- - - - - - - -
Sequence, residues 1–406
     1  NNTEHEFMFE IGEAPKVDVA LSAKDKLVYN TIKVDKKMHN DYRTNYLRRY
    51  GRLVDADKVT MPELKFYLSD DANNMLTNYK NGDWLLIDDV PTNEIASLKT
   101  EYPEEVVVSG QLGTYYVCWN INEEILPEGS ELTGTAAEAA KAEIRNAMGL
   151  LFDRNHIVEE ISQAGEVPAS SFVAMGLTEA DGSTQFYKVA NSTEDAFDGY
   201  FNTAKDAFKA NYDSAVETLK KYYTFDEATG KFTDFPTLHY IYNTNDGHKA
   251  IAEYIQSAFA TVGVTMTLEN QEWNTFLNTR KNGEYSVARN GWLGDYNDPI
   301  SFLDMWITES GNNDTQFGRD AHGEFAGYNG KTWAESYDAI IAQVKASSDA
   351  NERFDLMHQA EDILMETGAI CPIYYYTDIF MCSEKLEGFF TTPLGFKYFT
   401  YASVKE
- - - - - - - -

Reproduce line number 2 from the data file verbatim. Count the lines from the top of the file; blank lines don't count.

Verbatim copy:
     1  NNTEHEFMFE IGEAPKVDVA LSAKDKLVYN TIKVDKKMHN DYRTNYLRRY